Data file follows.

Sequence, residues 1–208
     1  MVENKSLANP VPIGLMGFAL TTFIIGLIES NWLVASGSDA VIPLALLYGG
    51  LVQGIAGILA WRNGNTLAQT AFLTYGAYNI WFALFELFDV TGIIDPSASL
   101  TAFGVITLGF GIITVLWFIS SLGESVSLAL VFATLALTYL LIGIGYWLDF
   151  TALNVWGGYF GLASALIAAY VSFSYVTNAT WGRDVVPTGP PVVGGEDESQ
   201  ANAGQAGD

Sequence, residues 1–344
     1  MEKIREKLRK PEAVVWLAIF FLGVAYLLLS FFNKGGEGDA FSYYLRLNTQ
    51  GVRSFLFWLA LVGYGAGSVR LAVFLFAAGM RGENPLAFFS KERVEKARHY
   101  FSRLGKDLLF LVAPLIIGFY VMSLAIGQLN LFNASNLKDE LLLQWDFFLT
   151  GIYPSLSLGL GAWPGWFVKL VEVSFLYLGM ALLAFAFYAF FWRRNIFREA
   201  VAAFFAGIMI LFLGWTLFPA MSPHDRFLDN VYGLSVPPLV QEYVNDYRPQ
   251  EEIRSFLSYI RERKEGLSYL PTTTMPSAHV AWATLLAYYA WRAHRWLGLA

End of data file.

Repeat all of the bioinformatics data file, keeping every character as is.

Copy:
Sequence, residues 1–208
     1  MVENKSLANP VPIGLMGFAL TTFIIGLIES NWLVASGSDA VIPLALLYGG
    51  LVQGIAGILA WRNGNTLAQT AFLTYGAYNI WFALFELFDV TGIIDPSASL
   101  TAFGVITLGF GIITVLWFIS SLGESVSLAL VFATLALTYL LIGIGYWLDF
   151  TALNVWGGYF GLASALIAAY VSFSYVTNAT WGRDVVPTGP PVVGGEDESQ
   201  ANAGQAGD

Sequence, residues 1–344
     1  MEKIREKLRK PEAVVWLAIF FLGVAYLLLS FFNKGGEGDA FSYYLRLNTQ
    51  GVRSFLFWLA LVGYGAGSVR LAVFLFAAGM RGENPLAFFS KERVEKARHY
   101  FSRLGKDLLF LVAPLIIGFY VMSLAIGQLN LFNASNLKDE LLLQWDFFLT
   151  GIYPSLSLGL GAWPGWFVKL VEVSFLYLGM ALLAFAFYAF FWRRNIFREA
   201  VAAFFAGIMI LFLGWTLFPA MSPHDRFLDN VYGLSVPPLV QEYVNDYRPQ
   251  EEIRSFLSYI RERKEGLSYL PTTTMPSAHV AWATLLAYYA WRAHRWLGLA